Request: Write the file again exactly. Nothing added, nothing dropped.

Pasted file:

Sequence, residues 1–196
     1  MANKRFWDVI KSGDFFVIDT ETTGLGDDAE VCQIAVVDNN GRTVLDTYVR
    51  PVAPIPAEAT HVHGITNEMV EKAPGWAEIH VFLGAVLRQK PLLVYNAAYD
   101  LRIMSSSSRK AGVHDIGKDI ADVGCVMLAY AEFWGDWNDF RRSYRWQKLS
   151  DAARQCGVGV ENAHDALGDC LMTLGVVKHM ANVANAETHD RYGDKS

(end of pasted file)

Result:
Sequence, residues 1–196
     1  MANKRFWDVI KSGDFFVIDT ETTGLGDDAE VCQIAVVDNN GRTVLDTYVR
    51  PVAPIPAEAT HVHGITNEMV EKAPGWAEIH VFLGAVLRQK PLLVYNAAYD
   101  LRIMSSSSRK AGVHDIGKDI ADVGCVMLAY AEFWGDWNDF RRSYRWQKLS
   151  DAARQCGVGV ENAHDALGDC LMTLGVVKHM ANVANAETHD RYGDKS